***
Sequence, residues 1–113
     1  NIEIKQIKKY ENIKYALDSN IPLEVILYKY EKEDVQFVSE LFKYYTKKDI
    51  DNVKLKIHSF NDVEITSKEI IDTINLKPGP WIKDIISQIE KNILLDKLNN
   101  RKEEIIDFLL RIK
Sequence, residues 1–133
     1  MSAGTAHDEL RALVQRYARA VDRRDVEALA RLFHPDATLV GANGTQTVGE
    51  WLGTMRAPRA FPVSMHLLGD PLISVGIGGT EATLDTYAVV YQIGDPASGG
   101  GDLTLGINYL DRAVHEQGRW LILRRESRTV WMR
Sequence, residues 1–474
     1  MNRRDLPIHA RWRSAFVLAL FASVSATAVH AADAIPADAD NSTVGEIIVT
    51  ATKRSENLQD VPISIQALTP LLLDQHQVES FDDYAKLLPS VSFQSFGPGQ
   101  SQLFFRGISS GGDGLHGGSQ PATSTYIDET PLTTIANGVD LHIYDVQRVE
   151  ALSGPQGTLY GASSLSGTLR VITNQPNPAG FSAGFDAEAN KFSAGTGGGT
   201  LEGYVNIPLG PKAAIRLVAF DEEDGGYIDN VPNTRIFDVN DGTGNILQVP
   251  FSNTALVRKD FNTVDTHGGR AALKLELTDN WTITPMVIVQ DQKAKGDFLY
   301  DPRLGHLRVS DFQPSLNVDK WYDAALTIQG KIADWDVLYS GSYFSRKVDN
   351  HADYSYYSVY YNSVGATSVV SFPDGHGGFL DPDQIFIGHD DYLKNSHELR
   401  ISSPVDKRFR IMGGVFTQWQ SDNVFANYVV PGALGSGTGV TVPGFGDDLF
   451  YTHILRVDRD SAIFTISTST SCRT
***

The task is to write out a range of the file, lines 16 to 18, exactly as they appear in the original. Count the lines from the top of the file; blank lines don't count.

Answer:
   301  DPRLGHLRVS DFQPSLNVDK WYDAALTIQG KIADWDVLYS GSYFSRKVDN
   351  HADYSYYSVY YNSVGATSVV SFPDGHGGFL DPDQIFIGHD DYLKNSHELR
   401  ISSPVDKRFR IMGGVFTQWQ SDNVFANYVV PGALGSGTGV TVPGFGDDLF